It’s not that the sea is calm everywhere when we command our ships. It’s just that as seasoned captains of the sail, we’ve learned how to steer clear of storms by spotting dark clouds from a distance.





This article has been cross-posted to my meditation blog at


About andatfoothill

I teach at Foothill
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2 Responses to Anxiety Meltdown

  1. I admire you a lot for starting a meditation blog for your students. The world around us is always changing and I am keenly aware that the younger generation of students is suffering from anxiety at a rate that would have been inconceivable to me had I not witnessed it with my own eyes through the numerous children who have grown up with my own children. I sometimes theorize about what might have precipitated this. Over and over again, I come back to three ideas:

    1. With the development of technology and personal devices, I don’t think we necessarily carve out enough time to be with ourselves…to be bored and reflective and quietly observe what we’re experiencing.
    2. Even as we become more open in terms of things like gender differences, I worry that through education young people begin to believe that their is only one acceptable path for them, which is a sort of limiting belief that pushes back on openness to possibility. It makes unconditional love seem unattainable. It makes our worth dependent upon conformity to “the one right way.” What could be more anxiety-inducing that that?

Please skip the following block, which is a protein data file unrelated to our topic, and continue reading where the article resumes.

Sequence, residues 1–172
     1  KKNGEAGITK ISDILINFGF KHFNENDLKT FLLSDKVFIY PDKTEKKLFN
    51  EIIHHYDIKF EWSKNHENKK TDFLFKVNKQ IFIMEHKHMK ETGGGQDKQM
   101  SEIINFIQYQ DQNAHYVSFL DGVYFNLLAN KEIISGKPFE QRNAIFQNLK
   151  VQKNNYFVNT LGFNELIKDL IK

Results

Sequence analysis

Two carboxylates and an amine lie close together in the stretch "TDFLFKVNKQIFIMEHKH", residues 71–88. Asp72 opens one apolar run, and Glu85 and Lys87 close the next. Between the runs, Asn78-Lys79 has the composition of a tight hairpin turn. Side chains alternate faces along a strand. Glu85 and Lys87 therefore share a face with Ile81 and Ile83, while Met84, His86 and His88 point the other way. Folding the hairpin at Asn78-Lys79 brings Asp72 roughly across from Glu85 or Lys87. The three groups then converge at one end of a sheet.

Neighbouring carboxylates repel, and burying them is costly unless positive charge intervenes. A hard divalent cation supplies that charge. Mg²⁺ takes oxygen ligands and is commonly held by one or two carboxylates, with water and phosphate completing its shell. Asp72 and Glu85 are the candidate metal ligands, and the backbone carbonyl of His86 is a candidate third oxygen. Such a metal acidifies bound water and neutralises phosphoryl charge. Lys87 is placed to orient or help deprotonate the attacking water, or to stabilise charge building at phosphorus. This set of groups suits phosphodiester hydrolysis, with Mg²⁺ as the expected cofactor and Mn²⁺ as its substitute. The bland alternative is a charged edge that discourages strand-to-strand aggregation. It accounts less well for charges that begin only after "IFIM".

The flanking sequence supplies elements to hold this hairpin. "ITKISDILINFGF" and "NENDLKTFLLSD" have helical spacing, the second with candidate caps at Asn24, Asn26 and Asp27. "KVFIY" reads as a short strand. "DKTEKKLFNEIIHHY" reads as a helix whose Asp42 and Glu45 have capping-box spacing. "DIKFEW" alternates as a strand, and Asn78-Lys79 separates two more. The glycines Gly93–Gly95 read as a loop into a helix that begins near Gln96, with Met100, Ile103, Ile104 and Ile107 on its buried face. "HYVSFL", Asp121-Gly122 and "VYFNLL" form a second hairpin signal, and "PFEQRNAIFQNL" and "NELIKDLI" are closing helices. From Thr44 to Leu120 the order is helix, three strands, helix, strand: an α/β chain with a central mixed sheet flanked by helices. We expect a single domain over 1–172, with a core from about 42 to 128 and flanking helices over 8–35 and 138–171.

3. Numbers one and two may contribute to a disconnection between the body and soul and spirit. I have started to observe when society and systems support integrity and when they reward lack of integrity. For example, how frequently are we rewarding students and candidates for dishonesty? For example, does a student who makes up a lie about why they’re hoping to turn in an assignment late have a greater chance of having that work accepted than a student who just owns up to the fact that they were just tired after the great weekend they had visiting with a friend?

    I think a lot about these things and I ask myself what we can do to help the souls in our class to heal. I am both touched and admiring that you have taken this bold step. Thank you!


  2. Hi Jennifer, thanks for your comment. I think you hit the nail on the head. I’ve been talking to my students about the incalculable value of boredom, but never made the connection to stress and anxiety as you so clearly have.

    Yes, you’re absolutely right. Boredom is a gift to be treasured. By avoiding it through filling in the gaps in our activity stream with social media and endless entertainment, we become accustomed to not being bored. Then the very prospect of a future boredom brings on enormous stress as though life itself would be empty or void then.

    Thanks again.